However Aarti Shankar said European leaders were still struggling to get to grips with the political realities of the Irish border situation, suggesting compromises were impossible for domestic reasons – meaning a no-deal situation was becoming increasingly likely.
Senior Policy Analyst Ms Shankar told Express.co.uk: “What happened in the half-hour before she got up to speak, when we had Mr Tusk and French President Emmanuel Macron saying aspects of her Chequers deal were unworkable, left her somewhat winded.
“This was clearly not the outcome she was hoping for.”
Mrs May’s defiant speech was delivered to world leaders just minutes after European Council President Donald Tusk had announced her proposals “would not work”.
Mrs May was hoping Salzburg would offer her some breathing space and the chance to sell her ideas to European leaders.
Instead, Ms Shankar said, “she has red lines all around her”.
Michel Barnier’s backstop plan aims to prevent the need for a hard border between Northern Ireland and the Irish Republic, which would involve Northern Ireland remaining subject to EU regulations when it comes to goods and agriculture.
However, Ms Shankar said: “I’m trying to understand what the EU’s strategy is here.
“If they are trying to force her to accept the backstop idea I’m not sure they have calculated correctly.”
Mrs May’s coalition partners the DUP have already made it clear they would not tolerate such a plan because it would mean Northern Ireland being treated differently to the rest of the UK, characterising it as a “border in the Irish sea”.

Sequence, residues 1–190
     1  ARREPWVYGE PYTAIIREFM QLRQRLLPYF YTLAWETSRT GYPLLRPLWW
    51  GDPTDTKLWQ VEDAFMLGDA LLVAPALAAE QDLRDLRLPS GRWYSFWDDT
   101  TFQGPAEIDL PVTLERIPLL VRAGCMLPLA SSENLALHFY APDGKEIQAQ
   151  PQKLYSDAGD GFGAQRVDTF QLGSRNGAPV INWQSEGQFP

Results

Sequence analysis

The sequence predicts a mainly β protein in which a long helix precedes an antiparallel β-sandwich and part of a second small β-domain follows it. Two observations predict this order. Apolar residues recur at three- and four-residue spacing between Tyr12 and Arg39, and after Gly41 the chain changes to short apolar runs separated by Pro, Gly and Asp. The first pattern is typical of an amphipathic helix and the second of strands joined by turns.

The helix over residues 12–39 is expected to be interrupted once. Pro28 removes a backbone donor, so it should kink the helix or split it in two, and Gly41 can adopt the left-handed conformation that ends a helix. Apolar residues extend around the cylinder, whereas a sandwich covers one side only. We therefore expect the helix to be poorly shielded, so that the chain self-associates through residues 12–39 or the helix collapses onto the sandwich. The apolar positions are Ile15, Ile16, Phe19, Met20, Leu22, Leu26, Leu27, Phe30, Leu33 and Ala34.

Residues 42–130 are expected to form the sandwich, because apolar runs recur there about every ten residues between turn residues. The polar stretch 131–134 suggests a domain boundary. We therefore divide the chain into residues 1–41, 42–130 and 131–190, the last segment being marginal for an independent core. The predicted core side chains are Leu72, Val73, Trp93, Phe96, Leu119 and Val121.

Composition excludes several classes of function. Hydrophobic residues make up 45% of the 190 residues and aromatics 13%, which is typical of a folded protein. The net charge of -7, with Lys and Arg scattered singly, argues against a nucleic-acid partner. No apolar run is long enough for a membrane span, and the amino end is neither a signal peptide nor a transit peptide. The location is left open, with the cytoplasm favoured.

Ms Shankar explained: “I don’t think politically she can accept their plan – it simply is not acceptable to the UK.
“If there is no compromise then a no-deal Brexit becomes increasingly likely.
“I can see the EU agreeing to suspend Article 50 if it looks like an agreement is close.
“But if they are still at loggerheads with a few days to go then an agreement may be unlikely.”
During the course of her speech, Mrs May insisted the Government was still working towards the nominal October deadline for striking a withdrawal agreement.
But Ms Shankar suggested the process could easily go beyond the New Year as negotiators work feverishly to hammer out a deal.
Referring to Maltese Prime Minister Joseph Muscat’s claim that most European leaders were still hoping for a second referendum, she dismissed the idea as highly unlikely.
She added: “Apart from anything else, what question do you ask the public at this stage?
“And if there’s no time to hold one before March 29 anyway, then it becomes a referendum on rejoining the EU, which is a completely different thing.”
During the course of her speech Mrs May admitted: “Concerns have been raised over Chequers. I want to know what they are.
“Hard work needs to be done.”
But she added: “Let nobody be in any doubt, and I’ve aways said this, we are preparing for no deal.”